Monday night, in Toronto, the three thousand people attending the Munk Debates will vote and decide which of these two powerful debating teams has the correct assessment of the risk an Iran armed with nuclear weapons poses to the world.
For Fareed Zakaria and Vali Nasr, the key issues to refute are not nuclear proliferation or "mad mullahs" in Tehran, but what we are seeing in Gaza right now. How does Israel respond to future threats posed by groups like Hamas if Iran infers that a cloak of nuclear protection extends to its proxy fighters? It is hard to see how such a state of affairs would not seriously degrade the deterrent effect of Israel's conventional forces and embolden its enemies not only in Gaza but Lebanon and Syria too. And, why any nation, let alone a people who have faced mass annihilation in their past, should be expected to live in such a profound state of insecurity strains credulity.
Charles Krauthammer and Amos Yadlin face an equally daunting question: does the world have the choice of not living with a nuclear armed Iran? The expert opinion is that a pre-emptive strike would set back Iran's enrichment program by three years while bolstering public support for its theocratic government for a decade, if not a generation. To win, the pro debaters need to make a convincing case for how the international community can stop an Iranian bomb, for an extended period of time, when we failed to achieve this very thing in North Korea, Pakistan and India.
Rudyard Griffiths is the organizer and moderator of the semi-annual Munk Debates.
Earlier this year, Fareed Zakaria cited me writing in defence of deterrence in the early 1980s at the time of the nuclear freeze movement. And yet now, when it comes dealing with the threat of a nuclear-armed Iran, Mr. Zakaria is singling me out, and others on the right, as having erroneously decided that "deterrence is a lie."
Nonsense. What I have decided is that deterring Iran is fundamentally different from deterring the Soviet Union. You could rely on the latter but not on the former.
The Soviet quarrel with America was ideological. Iran's quarrel with Israel is existential. The Soviets never proclaimed a desire to annihilate the American people. For Iran, the very existence of a Jewish state on Muslim land is a crime, an abomination, a cancer with which no negotiation, no coexistence, no accommodation is possible.
America is also a nation of 300 million; Israel, 8 million. America is a continental nation; Israel, a speck on the map, at one point eight miles wide. Israel is a "one-bomb country." Its territory is so tiny, its population so concentrated that, as Iran's former president Akbar Hashemi Rafsanjani has famously said, "Application of an atomic bomb would not leave anything in Israel but the same thing would just produce damages in the Muslim world." A tiny nuclear arsenal would do the job.
In U.S.-Soviet deterrence, both sides knew that a nuclear war would destroy them mutually. The mullahs have thought the unthinkable to a different conclusion. They know about the Israeli arsenal. They also know, as Mr. Rafsanjani said, that in any exchange Israel would be destroyed instantly and forever, whereas the ummah – the Muslim world of 1.8 billion people whose redemption is the ultimate purpose of the Iranian revolution – would survive damaged but almost entirely intact.
This doesn't mean that the mullahs will necessarily risk terrible carnage to their country in order to destroy Israel irrevocably. But it does mean that the blithe assurance to the contrary – because the Soviets never struck first – is nonsense. The mullahs have a radically different worldview, a radically different grievance and a radically different calculation of the consequences of nuclear war.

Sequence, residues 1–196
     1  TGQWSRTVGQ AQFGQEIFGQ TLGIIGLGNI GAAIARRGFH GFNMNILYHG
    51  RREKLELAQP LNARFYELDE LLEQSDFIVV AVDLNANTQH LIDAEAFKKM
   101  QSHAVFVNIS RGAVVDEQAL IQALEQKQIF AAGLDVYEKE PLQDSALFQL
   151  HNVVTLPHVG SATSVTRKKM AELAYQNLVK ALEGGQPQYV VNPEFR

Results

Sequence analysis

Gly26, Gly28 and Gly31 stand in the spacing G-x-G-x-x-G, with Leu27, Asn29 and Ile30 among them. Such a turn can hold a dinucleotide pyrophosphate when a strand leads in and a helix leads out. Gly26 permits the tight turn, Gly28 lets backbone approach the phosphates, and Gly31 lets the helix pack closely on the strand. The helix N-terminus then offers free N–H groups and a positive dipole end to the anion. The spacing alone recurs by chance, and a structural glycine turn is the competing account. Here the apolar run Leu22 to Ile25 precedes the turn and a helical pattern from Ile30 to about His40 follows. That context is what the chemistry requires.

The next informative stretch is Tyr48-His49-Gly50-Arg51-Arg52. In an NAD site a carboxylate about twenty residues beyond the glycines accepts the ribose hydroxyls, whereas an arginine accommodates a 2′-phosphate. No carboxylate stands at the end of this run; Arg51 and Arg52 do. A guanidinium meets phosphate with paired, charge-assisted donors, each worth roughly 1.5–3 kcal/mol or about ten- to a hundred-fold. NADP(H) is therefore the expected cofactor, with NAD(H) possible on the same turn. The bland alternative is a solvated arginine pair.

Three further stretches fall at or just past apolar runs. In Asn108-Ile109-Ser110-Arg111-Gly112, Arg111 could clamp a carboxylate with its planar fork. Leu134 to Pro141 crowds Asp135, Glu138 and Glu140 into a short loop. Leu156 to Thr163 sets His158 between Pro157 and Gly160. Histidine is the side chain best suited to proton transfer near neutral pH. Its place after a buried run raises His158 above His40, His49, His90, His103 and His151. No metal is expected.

The confident belief that they are like the Soviets is a fantasy. That's why Israel is contemplating a pre-emptive strike. Israel refuses to trust its very existence to the convenient theories of comfortable analysts living 6,000 miles from its Ground Zero.
Charles Krauthammer is a Washington Post columnist and Fox News contributor. He will be arguing for the motion, be it resolved the world cannot tolerate an Iran with nuclear weapons capability, at tonight's Munk Debate in Toronto.
I do not like the comparisons to the 1930s and to the Holocaust this debate has evoked. I do not think that if Iran obtains nuclear weapons, it will launch a nuclear missile at Tel Aviv the next day. I believe in Israel's defence capabilities and in our deterrence, and I think that this was precisely why Israel was founded: so it would have the ability to defend the Jewish people.
And yet, a nuclear Iran is intolerable due to four very serious considerations. It is unclear whether Iran will be a rational player. We may well be dealing with a culture that sanctifies death and glorifies 'martyrs' and suicide bombers, and has a wholly different attitude toward life than we do. Of course, there will not be symmetry between big Iran and little Israel: a single atomic bomb will not kill six million people here, but if it explodes in the centre of the country and takes 20,000 lives, life here will become very problematic, if it can go on at all.
There is also a danger of unplanned and uncontrolled escalation: there is no hotline between Tel Aviv and Tehran, and no other stabilizing mechanisms between us and the Iranians, so the danger of an unplanned nuclear confrontation is significant.
And, finally, nuclear proliferation is a near certainty: If Saudi Arabia, Turkey, Egypt and other states go nuclear, a multipolar nuclear system will come into being in the Middle East − and by definition this will be unstable and very dangerous. Such a situation − in which there will also be substate players − will create a big temptation to make use of nuclear weapons and could lead to the occurrence of a nuclear event. We must not get carried away with panic or sow anxiety, but Iran must be prevented from going nuclear.